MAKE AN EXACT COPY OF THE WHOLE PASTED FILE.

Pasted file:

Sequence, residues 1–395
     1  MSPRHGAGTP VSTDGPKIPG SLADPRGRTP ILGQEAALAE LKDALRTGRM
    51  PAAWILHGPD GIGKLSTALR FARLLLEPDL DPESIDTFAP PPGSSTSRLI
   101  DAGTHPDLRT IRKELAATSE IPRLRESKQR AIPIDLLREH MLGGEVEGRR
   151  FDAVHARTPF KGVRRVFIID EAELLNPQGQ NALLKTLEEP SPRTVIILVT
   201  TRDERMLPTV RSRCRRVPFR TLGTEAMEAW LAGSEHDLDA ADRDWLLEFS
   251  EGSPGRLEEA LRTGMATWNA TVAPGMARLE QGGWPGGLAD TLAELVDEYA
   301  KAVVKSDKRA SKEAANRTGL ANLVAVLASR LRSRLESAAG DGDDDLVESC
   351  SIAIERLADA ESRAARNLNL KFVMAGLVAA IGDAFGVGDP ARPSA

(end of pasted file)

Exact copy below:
Sequence, residues 1–395
     1  MSPRHGAGTP VSTDGPKIPG SLADPRGRTP ILGQEAALAE LKDALRTGRM
    51  PAAWILHGPD GIGKLSTALR FARLLLEPDL DPESIDTFAP PPGSSTSRLI
   101  DAGTHPDLRT IRKELAATSE IPRLRESKQR AIPIDLLREH MLGGEVEGRR
   151  FDAVHARTPF KGVRRVFIID EAELLNPQGQ NALLKTLEEP SPRTVIILVT
   201  TRDERMLPTV RSRCRRVPFR TLGTEAMEAW LAGSEHDLDA ADRDWLLEFS
   251  EGSPGRLEEA LRTGMATWNA TVAPGMARLE QGGWPGGLAD TLAELVDEYA
   301  KAVVKSDKRA SKEAANRTGL ANLVAVLASR LRSRLESAAG DGDDDLVESC
   351  SIAIERLADA ESRAARNLNL KFVMAGLVAA IGDAFGVGDP ARPSA